The Murchison Gorge in Kalbarri National Park, a 6-7 hour drive (485km) north of Perth, is well-known for its dramatic landscape, including natural rock features such as the famous Nature’s Window, The Loop, Z-Bend and Hawks Head, formed as the Murchison River carved deeply into the ancient red and white banded sandstone. The Kalbarri Skywalk above the Murchison Gorge will doubtless become a key drawcard for tourists and other visitors after construction is completed in mid-2019.
But the truly outstanding, world-class attraction of the Park, for the most adventurous bushwalkers / hikers, will always be the epic 38km walk through the gorge from Ross Graham Lookout to The Loop (or about 55km if starting further upriver from Hardabut Pool). Many walkers have been back to do this walk several times, such is the magical experience it offers and never fails to deliver!
The Gorge Walk is classed as ‘Grade 5’ in difficulty; with no track and no marked route. It provides ample challenges to test experienced walkers. Thorough advance planning is essential, along with a range of skills such as good ability at route-finding and locating drinking water sources along the way (the river water itself is usually too brackish to drink). It also poses a variety of strenuous physical tests: rock-hopping up and down the many narrow rock ledges, often high above the river, while carrying a heavy pack; chimneying up and through narrow rock crevices; trudging through soft sand; and regularly stripping off to float your back-pack across the river when swimming becomes necessary where the gorge narrows and the walls steepen. Read More
Not surprisingly, walkers typically make progress of only about 9km per day through the gorge. But why hurry when the scenery is exquisite? There is so much to explore, plus many options for riverside campsite locations, including at the beautiful ‘Little Z’. The full walk typically takes 3-4 days (or 5-6 days from Hardabut Pool), though the sections from Ross Graham Lookout to Z Bend or from Z Bend to The Loop can be done as shorter two-day walks, then requiring lighter packs.
The observant walker will find that the sandstone rocks of the gorge are rich in fascinating signs of ancient, Paleozoic life. Abundant trackways of trilobites and eurypterids, and burrowing organisms are preserved as trace fossils in the rock layers; sometimes so perfectly that the tracks look as if they were left only yesterday, not over 400 million years ago!
Walkers should also keep an eye out after dusk for the very elusive Black-flanked rock-wallaby which was thought to be locally extinct until re-discovered among the rocky outcrops by a rock climber in 2015. The remnant population has since been supplemented by females sourced from the wheatbelt region in the hope it will survive and increase. A much more likely, but less welcome sight in the gorge, are the resident feral goats which compete with the native fauna for resources such as food, water and shelter; thankfully Parks and Wildlife Service periodically conduct intensive control programs to reduce their numbers.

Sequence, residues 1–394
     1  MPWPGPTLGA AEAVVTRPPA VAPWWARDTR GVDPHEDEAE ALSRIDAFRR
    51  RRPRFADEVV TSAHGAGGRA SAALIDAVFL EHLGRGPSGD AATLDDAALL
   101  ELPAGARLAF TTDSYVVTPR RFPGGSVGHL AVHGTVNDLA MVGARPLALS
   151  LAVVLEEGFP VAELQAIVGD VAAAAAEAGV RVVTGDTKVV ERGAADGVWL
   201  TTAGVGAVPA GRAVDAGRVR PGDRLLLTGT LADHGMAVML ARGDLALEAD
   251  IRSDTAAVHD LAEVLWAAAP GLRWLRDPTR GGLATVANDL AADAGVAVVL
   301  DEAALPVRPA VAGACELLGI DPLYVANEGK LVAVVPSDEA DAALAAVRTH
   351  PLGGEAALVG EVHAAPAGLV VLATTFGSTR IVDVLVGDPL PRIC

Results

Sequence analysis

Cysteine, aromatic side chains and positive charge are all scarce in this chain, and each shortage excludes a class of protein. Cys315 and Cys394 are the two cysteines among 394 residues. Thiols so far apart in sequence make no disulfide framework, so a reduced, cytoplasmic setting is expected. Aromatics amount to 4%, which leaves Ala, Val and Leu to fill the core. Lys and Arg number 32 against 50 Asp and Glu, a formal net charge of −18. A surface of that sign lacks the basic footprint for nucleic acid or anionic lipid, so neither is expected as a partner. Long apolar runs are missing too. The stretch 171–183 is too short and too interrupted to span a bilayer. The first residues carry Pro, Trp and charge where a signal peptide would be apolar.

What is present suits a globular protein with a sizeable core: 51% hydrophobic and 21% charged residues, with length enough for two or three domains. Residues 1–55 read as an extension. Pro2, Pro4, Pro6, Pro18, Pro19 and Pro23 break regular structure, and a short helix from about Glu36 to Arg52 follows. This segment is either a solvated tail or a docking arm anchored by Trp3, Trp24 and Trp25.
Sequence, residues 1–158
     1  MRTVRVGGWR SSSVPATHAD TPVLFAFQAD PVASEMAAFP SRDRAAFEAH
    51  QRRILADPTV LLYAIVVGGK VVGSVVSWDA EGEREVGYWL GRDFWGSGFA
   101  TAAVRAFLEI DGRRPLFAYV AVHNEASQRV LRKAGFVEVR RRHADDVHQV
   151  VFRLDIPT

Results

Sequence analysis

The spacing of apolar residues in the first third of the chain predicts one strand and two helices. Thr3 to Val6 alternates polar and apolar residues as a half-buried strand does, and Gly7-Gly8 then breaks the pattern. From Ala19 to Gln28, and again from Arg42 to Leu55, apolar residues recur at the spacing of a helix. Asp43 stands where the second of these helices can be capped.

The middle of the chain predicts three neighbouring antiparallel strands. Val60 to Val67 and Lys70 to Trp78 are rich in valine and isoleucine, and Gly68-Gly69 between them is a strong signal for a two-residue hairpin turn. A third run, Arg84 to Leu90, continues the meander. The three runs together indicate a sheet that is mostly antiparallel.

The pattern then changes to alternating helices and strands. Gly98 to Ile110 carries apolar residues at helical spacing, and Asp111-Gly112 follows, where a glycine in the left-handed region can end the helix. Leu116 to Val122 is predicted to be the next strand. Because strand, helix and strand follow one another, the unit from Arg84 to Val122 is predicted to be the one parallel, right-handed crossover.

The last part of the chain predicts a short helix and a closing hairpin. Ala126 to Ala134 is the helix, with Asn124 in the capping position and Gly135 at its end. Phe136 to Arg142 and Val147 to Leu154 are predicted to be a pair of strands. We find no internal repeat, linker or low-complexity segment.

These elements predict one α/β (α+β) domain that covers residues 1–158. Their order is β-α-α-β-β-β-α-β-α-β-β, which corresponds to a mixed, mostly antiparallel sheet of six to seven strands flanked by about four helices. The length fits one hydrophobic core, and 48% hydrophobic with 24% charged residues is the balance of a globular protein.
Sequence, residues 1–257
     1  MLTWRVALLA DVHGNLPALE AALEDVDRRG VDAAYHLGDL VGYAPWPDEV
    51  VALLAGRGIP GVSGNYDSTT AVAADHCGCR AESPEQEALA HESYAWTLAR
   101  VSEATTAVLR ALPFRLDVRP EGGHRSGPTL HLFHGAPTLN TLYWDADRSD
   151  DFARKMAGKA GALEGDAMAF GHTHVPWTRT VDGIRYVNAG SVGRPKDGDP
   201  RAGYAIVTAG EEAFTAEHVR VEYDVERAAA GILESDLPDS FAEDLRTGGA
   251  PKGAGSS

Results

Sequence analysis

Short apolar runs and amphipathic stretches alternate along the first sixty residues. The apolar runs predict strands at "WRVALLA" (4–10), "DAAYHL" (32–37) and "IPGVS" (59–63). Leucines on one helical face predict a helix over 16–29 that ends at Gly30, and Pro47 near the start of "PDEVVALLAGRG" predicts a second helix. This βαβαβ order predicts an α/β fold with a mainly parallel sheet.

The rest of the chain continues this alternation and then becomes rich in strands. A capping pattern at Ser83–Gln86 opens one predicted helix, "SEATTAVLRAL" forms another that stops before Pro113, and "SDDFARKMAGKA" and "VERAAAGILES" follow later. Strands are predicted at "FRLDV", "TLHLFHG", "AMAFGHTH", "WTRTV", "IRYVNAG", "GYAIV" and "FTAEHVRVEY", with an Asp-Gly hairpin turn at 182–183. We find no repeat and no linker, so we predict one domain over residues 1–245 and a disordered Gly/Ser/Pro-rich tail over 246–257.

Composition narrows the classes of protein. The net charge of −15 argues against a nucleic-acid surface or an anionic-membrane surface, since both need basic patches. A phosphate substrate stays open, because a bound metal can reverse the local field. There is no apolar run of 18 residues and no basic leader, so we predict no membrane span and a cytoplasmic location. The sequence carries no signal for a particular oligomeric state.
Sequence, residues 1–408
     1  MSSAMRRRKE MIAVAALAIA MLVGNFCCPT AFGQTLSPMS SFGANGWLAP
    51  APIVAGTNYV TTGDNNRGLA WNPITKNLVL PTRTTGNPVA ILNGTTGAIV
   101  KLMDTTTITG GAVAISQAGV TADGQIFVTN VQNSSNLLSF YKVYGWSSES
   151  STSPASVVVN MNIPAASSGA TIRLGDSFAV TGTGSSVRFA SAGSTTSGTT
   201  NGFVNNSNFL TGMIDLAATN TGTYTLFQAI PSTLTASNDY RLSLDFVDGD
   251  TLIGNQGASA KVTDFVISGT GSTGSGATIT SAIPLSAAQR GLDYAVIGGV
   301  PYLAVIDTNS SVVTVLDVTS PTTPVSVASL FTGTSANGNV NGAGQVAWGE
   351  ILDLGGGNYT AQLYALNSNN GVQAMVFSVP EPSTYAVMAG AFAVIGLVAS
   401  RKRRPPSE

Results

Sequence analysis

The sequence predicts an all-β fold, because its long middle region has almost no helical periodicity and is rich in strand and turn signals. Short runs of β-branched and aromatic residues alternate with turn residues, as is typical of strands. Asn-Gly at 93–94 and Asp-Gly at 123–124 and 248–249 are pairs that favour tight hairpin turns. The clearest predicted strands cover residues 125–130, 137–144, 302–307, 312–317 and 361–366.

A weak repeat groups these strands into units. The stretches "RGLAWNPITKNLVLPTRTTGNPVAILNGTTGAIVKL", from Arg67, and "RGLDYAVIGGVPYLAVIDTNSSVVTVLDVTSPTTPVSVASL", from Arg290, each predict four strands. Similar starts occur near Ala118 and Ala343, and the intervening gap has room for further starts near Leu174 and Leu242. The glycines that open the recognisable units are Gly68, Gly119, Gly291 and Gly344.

Help preserve this unspoilt wilderness environment by applying the ‘carry-in, carry-out’ principle and leaving no trace: Those aluminium cans so carefully buried in the sand will likely be found unburied downriver by the first group to walk down the gorge after the usual winter floods.
The best time of year to do the walk is around late winter after the river flow has eased and when fresh rainwater can usually still be collected from rock pools and puddles, before the warmer weather arrives. But walkers need to be aware of the risk of flash flooding which can occur following thunderstorms in the upstream catchment (e.g. flash flood experience at Z Bend).
The Parks and Wildlife Ranger in Kalbarri is the best source of information on safely walking in the gorge. Before heading to Kalbarri, check the Parks Alerts System for possible park or road closures, and make sure your group’s leader notifies a park ranger before and after completing your hike. Walkers lacking experience, but keen to do the walk, should consider the benefits of firstly joining a club, such as Perth Bushwalkers Club, with a long tradition of walking the Gorge almost annually.
Walkers seeking an alternative easier, on-track day walk could opt for the 8km Loop Walk (see Trails WA) which includes a visit to Nature’s Window, framing the Murchison River valley. For additional information on Kalbarri National Park, its sites and facilities, see ‘Explore Parks WA’ (Parks & Wildlife Service).
Acknowledgement: Most of the photos on this page and several on other pages of this website were kindly provided to HikeWest by Joey Curry, Julie McGinnigle and John Rowe, following their own epic walk through the Gorge in 2018, led by intrepid past-HikeWest Board member, Ras Gill.
(Posted: Dave Osborne, Feb. 2019)
Postscript (Oct. 2020): Don’t miss “Australia’s MOST SECRET Hiking Trail – Aussie Bushwalking for Two Nights (LEGALLY) through a Gorge” – Josh Carr’s video impressions of this great walk for adventurous walkers, well known to one or two of the bushwalking clubs, but not widely known to others. And thanks Josh for the visual plug for this page and bringing more visitors HikeWest’s way! – Dave Osborne